Ethiopia’s Energy Becoming Most Diversified In Africa
One of Africa’s largest wind farms and a gigantic hyrdo project are just two Ethiopian renewable energy projects expected to transform the populous nation into one of Africa’s largest energy exporters, CNN reports.
The Ashegoda Wind Farm and the Grand Renaissance Dam mark a major leap forward for a country that spent parts of the last century ravaged by war and famine, according to the report.
The are part of the Ethiopian government’s five-year Growth and Transformation Plan in a bid to rapidly boost its generating capacity over the next three to five years.
Just 23 percent of Ethiopia’s 90 million people have access to electricity. The wind farm is expected to generate power throughout the year, except during the rainy season between June and September.
Both developments will see Ethiopia transition into one of the region’s biggest energy exporters as electric output grows from 2,000 megawatts (MW) to 10,000 MW. More than half of this is expected to come from the Renaissance Dam, according to CNN.
Further commitments to geothermal power and potential for oil exploration raise the stakes even higher.
Ethiopia is an energy reservoir in the region, said Jerome Douat, CEO of Vergnet, the French wind turbine company contracted to build the Ashegoda wind farm.
“The wind comes from the ocean to the Rift Valley,” Douat said. “We have placed the turbines at 2,200 meters above sea level in one of the windiest places in Ethiopia.”
Vergnet built the Ashegoda site in partnership with the Ethiopian government at a cost of $290 million with loans from France’s largest bank, BNP Paribas, and the French Development Agency.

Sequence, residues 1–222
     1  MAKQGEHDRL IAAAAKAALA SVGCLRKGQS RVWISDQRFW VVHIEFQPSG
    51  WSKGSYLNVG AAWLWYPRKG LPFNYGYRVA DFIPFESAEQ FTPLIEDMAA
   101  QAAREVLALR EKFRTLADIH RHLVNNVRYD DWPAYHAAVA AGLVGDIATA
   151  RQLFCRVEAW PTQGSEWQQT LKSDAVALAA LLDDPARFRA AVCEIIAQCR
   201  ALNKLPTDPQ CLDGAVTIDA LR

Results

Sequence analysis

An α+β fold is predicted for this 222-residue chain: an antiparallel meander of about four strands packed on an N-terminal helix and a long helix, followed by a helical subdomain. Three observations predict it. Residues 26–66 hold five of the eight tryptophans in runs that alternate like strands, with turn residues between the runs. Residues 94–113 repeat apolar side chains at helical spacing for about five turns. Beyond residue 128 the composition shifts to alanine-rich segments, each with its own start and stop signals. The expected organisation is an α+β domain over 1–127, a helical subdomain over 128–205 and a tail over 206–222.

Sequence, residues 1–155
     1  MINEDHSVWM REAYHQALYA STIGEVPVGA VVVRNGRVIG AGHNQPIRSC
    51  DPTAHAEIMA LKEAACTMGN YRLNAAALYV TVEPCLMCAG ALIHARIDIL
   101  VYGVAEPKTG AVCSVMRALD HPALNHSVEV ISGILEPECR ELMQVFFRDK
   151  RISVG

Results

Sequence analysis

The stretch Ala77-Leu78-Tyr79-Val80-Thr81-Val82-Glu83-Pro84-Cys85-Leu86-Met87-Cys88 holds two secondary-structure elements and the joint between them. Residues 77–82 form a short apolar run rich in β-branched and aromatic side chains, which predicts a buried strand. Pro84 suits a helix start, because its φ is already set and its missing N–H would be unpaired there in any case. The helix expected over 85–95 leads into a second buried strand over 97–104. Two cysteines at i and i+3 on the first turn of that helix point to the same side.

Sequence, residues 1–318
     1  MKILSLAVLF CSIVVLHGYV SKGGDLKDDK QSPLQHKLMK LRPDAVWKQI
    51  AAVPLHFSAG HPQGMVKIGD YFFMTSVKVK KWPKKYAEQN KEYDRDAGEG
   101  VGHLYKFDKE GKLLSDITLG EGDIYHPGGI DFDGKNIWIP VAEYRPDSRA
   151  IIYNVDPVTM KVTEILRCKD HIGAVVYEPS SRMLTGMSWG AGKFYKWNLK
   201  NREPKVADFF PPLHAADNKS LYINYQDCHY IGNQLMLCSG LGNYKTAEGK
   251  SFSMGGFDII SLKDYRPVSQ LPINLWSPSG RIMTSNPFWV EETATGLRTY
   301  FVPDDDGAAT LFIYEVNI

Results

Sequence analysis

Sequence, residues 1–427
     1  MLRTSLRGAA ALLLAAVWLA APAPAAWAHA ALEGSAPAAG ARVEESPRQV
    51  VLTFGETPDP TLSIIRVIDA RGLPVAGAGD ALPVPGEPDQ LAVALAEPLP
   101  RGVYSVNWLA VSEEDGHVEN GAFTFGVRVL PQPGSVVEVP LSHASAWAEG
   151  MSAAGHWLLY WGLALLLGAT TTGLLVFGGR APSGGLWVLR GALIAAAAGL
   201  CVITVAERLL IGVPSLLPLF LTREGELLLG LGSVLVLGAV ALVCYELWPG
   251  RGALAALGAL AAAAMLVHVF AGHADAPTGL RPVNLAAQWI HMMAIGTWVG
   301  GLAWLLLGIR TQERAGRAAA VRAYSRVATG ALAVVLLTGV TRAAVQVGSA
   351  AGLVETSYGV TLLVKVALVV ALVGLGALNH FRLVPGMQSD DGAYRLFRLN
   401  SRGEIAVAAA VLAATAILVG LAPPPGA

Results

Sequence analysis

Ethiopia is aiming to be the region’s major supplier, working with foreign investors to provide power to neighbouring Sudan, Djibouti and Kenya, according to Will Macpherson, sub-Saharan African energy analyst at African Energy Consultancy.
“People in the energy industry, particularly in renewables, say the government is good to work with,” he told CNN. “They deliver on commitments and build good relationships with investors.”
According to the country’s five-year plan, which runs to 2015, the government is also seeking investment in geothermal and biofuel production to offset any problems with wind.
This will diversify the country’s energy supply, and other African nations will soon begin to follow suit, Macpherson said.
In Kenya, a 300 MW wind power project will be commissioned near Lake Turkana in 2015, and the country is leading the way in geothermal. South Africa has also been successful in developing renewable projects, he said.
Macpherson also said Ethiopia is keen on oil exploration in the Ogaden Basin. The field, which lies in the east of the country, is believed to contain vast oil and gas reserves, according to SouthWest energy, a national exploration company, CNN reports.
While Ethiopia still faces major social problems with poverty and living standards, the country is one of Africa’s fastest-growing economies, showing 8.5 percent growth in 2012.
The mega-dam, due for completion by July 2017, is likely to spur economic growth further. At a cost of $4.7 billion, the dam will create 12,000 jobs and generate 6,000 MW of energy, according to the government.
Sitting on the Blue Nile river, the dam will also serve neighboring Sudan and Egypt, despite concerns that Ethiopia will have too much control over a vital water source in the region.
In a further move to boost energy supplies, the Ethiopian government signed a contract in October with U.S.-Icelandic development company Reykjavik Geothermal to develop one of the world’s largest geothermal power projects.
The plant is part of U.S. President Barack Obama’s $7 billion Power Africa initiative to double energy access in sub-Saharan African.
Reykjavik Geothermal will invest $4 billion in the project and provide 1,000 MW of power to Ethiopia by 2018. When complete, it will be Ethiopia’s biggest foreign direct investment, the company said.
At the unveiling of the geothermal project in New York in October, Prime Minister Hailemariam Desalegn said, “My vision is that over the next 30 years, we will need to harness as much as 80,000 MW of hydro, geothermal, wind and solar power, not just for Ethiopia, but for our neighboring countries as well.”